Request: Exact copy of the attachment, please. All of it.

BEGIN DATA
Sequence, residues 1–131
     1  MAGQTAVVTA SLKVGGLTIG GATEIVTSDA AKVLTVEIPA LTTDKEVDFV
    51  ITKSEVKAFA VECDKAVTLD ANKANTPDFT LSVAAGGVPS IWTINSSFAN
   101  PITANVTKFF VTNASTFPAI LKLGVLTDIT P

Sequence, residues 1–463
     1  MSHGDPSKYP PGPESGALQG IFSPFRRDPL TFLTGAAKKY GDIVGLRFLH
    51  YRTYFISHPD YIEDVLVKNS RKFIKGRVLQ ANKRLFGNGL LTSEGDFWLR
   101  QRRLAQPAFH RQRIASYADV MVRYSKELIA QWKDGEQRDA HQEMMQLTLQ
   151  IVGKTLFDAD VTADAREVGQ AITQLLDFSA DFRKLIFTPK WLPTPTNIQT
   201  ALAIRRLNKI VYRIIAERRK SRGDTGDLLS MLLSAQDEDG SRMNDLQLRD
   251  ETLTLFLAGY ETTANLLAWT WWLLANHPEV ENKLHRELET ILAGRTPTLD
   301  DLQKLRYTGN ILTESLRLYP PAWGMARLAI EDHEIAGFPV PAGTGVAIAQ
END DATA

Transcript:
Sequence, residues 1–131
     1  MAGQTAVVTA SLKVGGLTIG GATEIVTSDA AKVLTVEIPA LTTDKEVDFV
    51  ITKSEVKAFA VECDKAVTLD ANKANTPDFT LSVAAGGVPS IWTINSSFAN
   101  PITANVTKFF VTNASTFPAI LKLGVLTDIT P

Sequence, residues 1–463
     1  MSHGDPSKYP PGPESGALQG IFSPFRRDPL TFLTGAAKKY GDIVGLRFLH
    51  YRTYFISHPD YIEDVLVKNS RKFIKGRVLQ ANKRLFGNGL LTSEGDFWLR
   101  QRRLAQPAFH RQRIASYADV MVRYSKELIA QWKDGEQRDA HQEMMQLTLQ
   151  IVGKTLFDAD VTADAREVGQ AITQLLDFSA DFRKLIFTPK WLPTPTNIQT
   201  ALAIRRLNKI VYRIIAERRK SRGDTGDLLS MLLSAQDEDG SRMNDLQLRD
   251  ETLTLFLAGY ETTANLLAWT WWLLANHPEV ENKLHRELET ILAGRTPTLD
   301  DLQKLRYTGN ILTESLRLYP PAWGMARLAI EDHEIAGFPV PAGTGVAIAQ